1. Check whether i ≥ 231 (whether the child is a hardened key).
    1. If so (hardened child): let I = HMAC-SHA512(Key = cpar, Data = 0x00 || ser256(kpar) || ser32(i)). (Note: The 0x00 pads the private key to make it 33 bytes long.)
    2. If not (normal child): let I = HMAC-SHA512(Key = cpar, Data = serP(point(kpar)) || ser32(i)).
  2. Split I into two 32-byte sequences, IL and IR.
  3. The returned child key ki is parse256(IL) + kpar (mod n).
  4. The returned chain code ci is IR.
  5. In case parse256(IL) ≥ n or ki = 0, the resulting key is invalid, and one should proceed with the next value for i. (Note: this has probability lower than 1 in 2127.)
sidenoteThe above steps are copied directly from BIP-32 proposal, as it is already explaining what the algorithm is. A small thing to note is that in Step 3, the addition is not the usual mathematical addition we are used to. This is a special kind of addition in accordance with Elliptical Curve Cryptography. A similar algorithm for deriving normal public keys from parent public key, chain code and index is provided in the proposal.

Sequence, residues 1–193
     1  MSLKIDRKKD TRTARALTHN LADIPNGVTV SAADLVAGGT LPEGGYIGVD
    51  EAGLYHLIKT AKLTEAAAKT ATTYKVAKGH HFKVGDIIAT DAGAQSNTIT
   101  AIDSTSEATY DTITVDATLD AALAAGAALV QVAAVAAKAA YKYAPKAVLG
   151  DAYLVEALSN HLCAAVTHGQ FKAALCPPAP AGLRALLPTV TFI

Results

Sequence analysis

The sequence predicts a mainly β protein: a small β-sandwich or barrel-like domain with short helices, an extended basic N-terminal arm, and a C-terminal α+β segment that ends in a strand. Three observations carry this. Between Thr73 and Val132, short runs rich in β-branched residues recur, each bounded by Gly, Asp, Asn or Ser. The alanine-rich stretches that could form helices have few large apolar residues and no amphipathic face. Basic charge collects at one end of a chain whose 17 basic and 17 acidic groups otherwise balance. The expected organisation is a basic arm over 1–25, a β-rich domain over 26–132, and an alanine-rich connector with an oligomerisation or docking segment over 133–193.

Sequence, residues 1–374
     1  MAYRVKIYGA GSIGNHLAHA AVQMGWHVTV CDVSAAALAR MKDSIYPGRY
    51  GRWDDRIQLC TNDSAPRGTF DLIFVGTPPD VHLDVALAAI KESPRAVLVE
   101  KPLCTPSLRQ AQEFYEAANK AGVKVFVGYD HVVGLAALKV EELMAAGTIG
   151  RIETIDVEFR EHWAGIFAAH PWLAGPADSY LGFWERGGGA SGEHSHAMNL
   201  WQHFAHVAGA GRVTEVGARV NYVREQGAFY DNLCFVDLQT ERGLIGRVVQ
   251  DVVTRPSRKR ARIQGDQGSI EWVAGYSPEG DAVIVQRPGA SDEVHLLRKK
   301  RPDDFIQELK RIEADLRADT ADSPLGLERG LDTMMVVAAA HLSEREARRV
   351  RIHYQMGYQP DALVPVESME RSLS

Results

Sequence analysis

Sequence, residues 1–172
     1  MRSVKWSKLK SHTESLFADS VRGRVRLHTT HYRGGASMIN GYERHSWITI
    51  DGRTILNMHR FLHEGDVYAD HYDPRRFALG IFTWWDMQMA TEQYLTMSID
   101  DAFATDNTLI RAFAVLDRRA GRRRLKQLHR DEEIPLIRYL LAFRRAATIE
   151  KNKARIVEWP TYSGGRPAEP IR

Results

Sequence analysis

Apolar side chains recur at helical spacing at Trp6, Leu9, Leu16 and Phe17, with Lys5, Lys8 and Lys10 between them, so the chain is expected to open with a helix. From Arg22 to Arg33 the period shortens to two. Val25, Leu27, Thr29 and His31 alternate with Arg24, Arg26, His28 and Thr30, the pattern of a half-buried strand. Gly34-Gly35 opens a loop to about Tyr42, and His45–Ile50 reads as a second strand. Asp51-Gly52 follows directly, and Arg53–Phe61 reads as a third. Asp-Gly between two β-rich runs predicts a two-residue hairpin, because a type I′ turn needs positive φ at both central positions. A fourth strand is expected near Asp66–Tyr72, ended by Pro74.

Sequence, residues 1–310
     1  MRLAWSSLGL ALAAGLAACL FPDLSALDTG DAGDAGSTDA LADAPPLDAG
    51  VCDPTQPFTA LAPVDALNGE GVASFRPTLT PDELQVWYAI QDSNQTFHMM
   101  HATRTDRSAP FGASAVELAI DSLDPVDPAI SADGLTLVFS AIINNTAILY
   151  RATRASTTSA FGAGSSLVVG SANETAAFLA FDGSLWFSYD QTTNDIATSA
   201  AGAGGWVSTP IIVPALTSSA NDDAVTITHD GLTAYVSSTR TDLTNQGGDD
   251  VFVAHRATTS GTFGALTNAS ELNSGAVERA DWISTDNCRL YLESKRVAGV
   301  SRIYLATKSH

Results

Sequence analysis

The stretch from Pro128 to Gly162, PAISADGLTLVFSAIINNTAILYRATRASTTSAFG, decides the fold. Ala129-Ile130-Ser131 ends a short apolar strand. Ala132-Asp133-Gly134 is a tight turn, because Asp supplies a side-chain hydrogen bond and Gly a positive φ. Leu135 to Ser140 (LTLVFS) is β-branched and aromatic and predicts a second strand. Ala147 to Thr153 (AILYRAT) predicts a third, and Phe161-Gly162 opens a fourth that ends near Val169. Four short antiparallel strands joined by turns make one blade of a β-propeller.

Also, for those who want to see a sample implementation: hd_private.cpp see the function hd_private::derive_private

A huge number of keys may be generated by a hierarchical deterministic wallet. To regenerate private keys there must be a way to express, which key needs to be generated again. To denote which key needs to be generated / derived, a standard notation like a path is agreed upon, it looks similar to:

m/35'/43'/765 (just an unrealistic sample to explain)
From the master extended key derive the child at index 2^31+35 (hardened key)
From generated extended key derive the child at index 2^31+43 (hardened key)
From generated extended key derive the child at index 765 (normal key)

BIP-43 and BIP-44

The BIP-43 proposal advices on having a ‘purpose’ in the path of the BIP-32 hierarchy. This purpose field is used by BIP-44 as 44′. This means that the child of master key with index 44′ (2^31 + 44) will enable multi-currency, multi-account wallets as per the BIP-44 proposal.